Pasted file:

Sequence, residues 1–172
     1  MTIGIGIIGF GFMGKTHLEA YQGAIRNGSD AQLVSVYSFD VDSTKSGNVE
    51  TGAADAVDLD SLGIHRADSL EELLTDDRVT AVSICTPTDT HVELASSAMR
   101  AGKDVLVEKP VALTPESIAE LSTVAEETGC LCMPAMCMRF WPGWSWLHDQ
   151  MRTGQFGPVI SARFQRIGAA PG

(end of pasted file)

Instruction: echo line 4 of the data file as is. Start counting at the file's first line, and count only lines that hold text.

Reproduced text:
   101  AGKDVLVEKP VALTPESIAE LSTVAEETGC LCMPAMCMRF WPGWSWLHDQ